If I say "Zildjians are the best cymbals", there would be a large demographic of people who would try to "prove me wrong"...when it is not a topic of proving right or wrong. They are missing, or not understanding the implied subjectivity.

In the same way, 2+2=4, no matter what. I freaking HATE math...but that does not change the objective, proven reality that 2+2=4. There is no way for me to use my subjective hatred of math to change the objective reality of the equation....and MANY people are trying to do that now recently because they don' get objectivity vs. subjectivity
 

wildbill

Platinum Member
It seems that a lot of guys like to write about their product discoveries as if they were religious epiphanies. I shudder to think of how many times I have read something like this:

"I played [Product A] for 75 (+/-) years but then suddenly I switched to [Product B] and it changed my life. And you, friend, labor in darkness if you have not experienced [Product B]."......


That honeymoon/new gear rush. I guess we've all gotten it at one time or another.

After a few times, some learn to accept it for what it is - some don't.
 

bermuda

Drummerworld Pro Drummer - Administrator
Staff member
There is no best. There is no worst.

I like what I like.

Agreed. Sometimes my likes evolve and change. Sometimes I discover a new or improved product and like it better than what I'd been using. I keep my eyes, ears, and mind open so I can enjoy what I do, and maybe do it better.
 

dwsabianguy

Senior Member
When it comes to sound, I agree; there is no objective "best" but rather only what someone likes most for their chosen goal.

However, there are certain measurable qualities in various pieces of hardware - weight, capacity, size, adjustability, etc, that can objectively give a piece of gear an advantage over another, depending on the desired result.

I personally use an often mismatched variety of gear to give me the sound I want. Nobody's coming after me to endorse their product, and I'm not going after them either, so I just use what gives me what I want.
 

yammyfan

Senior Member
I try to stick to descriptors like "versatile" and "sturdy" when describing drum gear I've used and like. I avoid using terms like "better" and "best" if at all possible.
 

SomeBadDrummer

Well-known member
That honeymoon/new gear rush. I guess we've all gotten it at one time or another.

After a few times, some learn to accept it for what it is - some don't.
Yeah, it's like looking for some 'strange' on the weekend back in college. Always thrilling to get into something different and experience the new sensations.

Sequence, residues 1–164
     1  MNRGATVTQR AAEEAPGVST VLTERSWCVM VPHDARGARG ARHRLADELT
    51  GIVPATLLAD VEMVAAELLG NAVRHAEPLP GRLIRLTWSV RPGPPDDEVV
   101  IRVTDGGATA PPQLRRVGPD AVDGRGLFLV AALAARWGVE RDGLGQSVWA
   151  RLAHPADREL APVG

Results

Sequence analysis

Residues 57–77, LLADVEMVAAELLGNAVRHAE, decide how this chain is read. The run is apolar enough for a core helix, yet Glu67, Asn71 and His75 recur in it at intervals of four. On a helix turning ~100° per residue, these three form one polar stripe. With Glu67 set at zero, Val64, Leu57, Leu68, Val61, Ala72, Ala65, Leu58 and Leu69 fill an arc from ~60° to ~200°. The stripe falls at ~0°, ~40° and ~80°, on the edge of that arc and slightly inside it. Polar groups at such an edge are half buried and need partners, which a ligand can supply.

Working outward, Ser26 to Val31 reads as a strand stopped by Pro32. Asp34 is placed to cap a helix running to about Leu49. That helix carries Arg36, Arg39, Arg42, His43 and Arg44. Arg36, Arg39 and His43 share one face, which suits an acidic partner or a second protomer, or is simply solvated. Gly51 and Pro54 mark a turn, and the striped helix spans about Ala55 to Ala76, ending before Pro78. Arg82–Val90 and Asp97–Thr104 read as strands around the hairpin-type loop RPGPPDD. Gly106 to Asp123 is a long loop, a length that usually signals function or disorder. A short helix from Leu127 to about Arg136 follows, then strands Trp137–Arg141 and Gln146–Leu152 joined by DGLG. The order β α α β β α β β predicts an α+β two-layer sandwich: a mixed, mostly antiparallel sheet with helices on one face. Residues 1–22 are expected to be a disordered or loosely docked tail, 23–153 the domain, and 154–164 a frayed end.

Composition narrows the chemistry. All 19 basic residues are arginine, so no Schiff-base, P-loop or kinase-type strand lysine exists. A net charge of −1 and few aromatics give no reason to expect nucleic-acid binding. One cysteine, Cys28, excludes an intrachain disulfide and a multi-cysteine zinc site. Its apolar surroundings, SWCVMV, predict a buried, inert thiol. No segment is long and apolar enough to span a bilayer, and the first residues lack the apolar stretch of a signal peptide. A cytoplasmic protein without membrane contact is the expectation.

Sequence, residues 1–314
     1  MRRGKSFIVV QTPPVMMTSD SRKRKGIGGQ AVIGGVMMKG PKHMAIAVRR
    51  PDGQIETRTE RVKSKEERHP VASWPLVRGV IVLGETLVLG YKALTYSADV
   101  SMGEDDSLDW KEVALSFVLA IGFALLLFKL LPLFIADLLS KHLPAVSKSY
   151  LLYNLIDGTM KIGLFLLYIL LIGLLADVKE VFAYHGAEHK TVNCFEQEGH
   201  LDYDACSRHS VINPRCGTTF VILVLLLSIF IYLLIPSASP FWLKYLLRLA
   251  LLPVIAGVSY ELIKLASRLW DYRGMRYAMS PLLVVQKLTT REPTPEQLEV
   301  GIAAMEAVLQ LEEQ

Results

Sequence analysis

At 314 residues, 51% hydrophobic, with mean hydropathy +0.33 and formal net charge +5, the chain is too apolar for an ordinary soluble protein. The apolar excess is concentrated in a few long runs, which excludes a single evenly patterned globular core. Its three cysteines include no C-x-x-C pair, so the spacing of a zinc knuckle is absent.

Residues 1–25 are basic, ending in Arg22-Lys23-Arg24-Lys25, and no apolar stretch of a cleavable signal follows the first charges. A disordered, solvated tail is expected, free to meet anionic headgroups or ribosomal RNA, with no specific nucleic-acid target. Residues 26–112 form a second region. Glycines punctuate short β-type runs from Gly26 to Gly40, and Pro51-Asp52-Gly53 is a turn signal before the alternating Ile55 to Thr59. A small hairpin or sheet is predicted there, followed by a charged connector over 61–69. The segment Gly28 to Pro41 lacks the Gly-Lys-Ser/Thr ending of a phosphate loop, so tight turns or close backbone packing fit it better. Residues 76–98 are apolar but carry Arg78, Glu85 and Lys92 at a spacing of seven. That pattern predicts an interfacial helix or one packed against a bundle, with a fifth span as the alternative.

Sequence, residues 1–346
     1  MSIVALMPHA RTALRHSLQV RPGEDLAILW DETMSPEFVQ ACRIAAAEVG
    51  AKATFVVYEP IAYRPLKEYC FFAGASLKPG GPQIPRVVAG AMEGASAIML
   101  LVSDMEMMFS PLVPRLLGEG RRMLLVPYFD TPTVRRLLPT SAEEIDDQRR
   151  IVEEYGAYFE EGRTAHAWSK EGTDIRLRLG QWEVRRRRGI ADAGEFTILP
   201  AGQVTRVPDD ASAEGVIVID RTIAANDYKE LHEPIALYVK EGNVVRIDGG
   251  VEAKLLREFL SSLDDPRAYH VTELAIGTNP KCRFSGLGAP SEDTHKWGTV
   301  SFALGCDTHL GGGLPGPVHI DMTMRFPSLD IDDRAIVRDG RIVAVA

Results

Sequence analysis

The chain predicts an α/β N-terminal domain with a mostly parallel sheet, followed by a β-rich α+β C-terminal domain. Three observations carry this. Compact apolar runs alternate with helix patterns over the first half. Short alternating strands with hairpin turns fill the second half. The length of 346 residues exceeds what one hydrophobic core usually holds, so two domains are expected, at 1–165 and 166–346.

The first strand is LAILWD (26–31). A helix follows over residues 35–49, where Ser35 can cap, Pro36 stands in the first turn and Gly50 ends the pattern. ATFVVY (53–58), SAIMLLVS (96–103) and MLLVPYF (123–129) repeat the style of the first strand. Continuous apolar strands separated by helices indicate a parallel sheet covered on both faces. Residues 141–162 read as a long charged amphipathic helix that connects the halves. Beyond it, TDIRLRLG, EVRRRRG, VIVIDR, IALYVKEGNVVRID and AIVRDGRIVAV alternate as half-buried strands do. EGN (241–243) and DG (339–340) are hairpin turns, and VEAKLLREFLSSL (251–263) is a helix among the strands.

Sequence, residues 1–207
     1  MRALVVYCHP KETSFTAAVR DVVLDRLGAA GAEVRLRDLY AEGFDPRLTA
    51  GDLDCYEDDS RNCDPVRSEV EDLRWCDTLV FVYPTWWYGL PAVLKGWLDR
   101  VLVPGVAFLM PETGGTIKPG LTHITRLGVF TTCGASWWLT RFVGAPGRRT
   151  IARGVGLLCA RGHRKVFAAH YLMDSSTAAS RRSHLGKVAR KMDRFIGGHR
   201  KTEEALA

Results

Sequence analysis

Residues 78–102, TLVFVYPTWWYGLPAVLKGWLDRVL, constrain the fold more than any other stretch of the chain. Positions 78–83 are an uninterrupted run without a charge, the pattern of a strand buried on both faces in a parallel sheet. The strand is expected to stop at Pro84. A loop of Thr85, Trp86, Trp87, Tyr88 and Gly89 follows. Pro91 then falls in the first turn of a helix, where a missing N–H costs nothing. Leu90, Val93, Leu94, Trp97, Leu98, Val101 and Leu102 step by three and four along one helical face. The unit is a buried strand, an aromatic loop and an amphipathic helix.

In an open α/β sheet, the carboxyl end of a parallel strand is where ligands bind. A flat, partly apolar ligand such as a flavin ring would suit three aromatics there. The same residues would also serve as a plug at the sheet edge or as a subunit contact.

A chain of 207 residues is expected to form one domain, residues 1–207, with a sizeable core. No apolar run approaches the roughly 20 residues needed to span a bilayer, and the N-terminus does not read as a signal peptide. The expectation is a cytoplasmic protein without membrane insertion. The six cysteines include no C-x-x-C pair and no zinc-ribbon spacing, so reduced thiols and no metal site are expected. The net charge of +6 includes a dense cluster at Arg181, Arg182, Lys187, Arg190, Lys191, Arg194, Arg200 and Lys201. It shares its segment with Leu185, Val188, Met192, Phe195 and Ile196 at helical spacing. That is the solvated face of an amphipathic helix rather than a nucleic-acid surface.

It seems that a lot of guys like to write about their product discoveries as if they were religious epiphanies. I shudder to think of how many times I have read something like this:

"I played [Product A] for 75 (+/-) years but then suddenly I switched to [Product B] and it changed my life. And you, friend, labor in darkness if you have not experienced [Product B]."

So, a few assertions which I think are self-evidently true:

1. People's purely subjective tastes vary and as a result they will like different brands. As a result, one can find fans and detractors of just about any product.
2. For the most part, the big companies and most of the little companies make products that a significant segment of the population will like.
3. For the most part, drum heads of similar styles will sound pretty much the same.
4. All the major cymbal companies make well-produced cymbals that may or may not be to your taste. Your favorite cymbal brand also makes cymbals that are not to your taste. Your lack of exposure to the breadth of the product line of any top cymbal manufacturer is a big reason why you don't like certain brands
5. When head choice, diameter, tuning, muffling, snare selection, room, mic, and player are all taken out of the picture, the differences among snare drums are NOT massive.
6. Ditto for toms and bass drums.
7. Many of us strongly identify with particular drum heroes, particularly when it comes to sounds and therefore brand selection.
8. There are certain products that have won near-universal acclaim for their quality (eg the Ludwig Supraphonic snare drum). Likewise, there are products that have earned widespread contempt (eg the Pearl tom mount). But even the least popular products have their committed enthusiasts, and the most popular products have their detractors.

Most of what we like is just subjective, like having a preference of a peanut butter brand. Some of it's marketing, some of it's emotional response, some of it is the stories we tell.

What'd I miss?
I'm not sure I understand the thesis of this post containing self-evidently true assertions about people who have 'discovered' a brand or product they like and want to discuss with others on a forum which discusses drums and cymbals.
It appears that you prefer Ludwig gear and have some level of disdain for Pearl or am I off on that?
and I think the real issue is people - currently - have a hard time discerning between (objective) facts and (subjective) opinions.

If I say "Zildjians are the best cymbals", there would be a large demographic of people who would try to "prove me wrong"...when it is not a topic of proving right or wrong. They are missing, or not understanding the implied subjectivity.

In the same way, 2+2=4, no matter what. I freaking HATE math...but that does not change the objective, proven reality that 2+2=4. There is no way for me to use my subjective hatred of math to change the objective reality of the equation....and MANY people are trying to do that now recently because they don' get objectivity vs. subjectivity
You are absolutely 100% correct in this. Opinions are flexible and tend to change with the wind; people are fickle.

Facts are stubborn things.

Oh, and yes - Zildjian's are the best cymbals! (y) :LOL:
 

dmacc_2

Well-known member
The older you get and the longer you do it, the big take away (for me anyways) is to understand there are no rules..

But, some folks are passionate about certain elements of gear and music on this site and in life so they are up to conversating/debating about what may make one thing superior over another. Not just in gear, but also in style(s) of music, etc...

I try to stay out of those conversations because I often offer no value.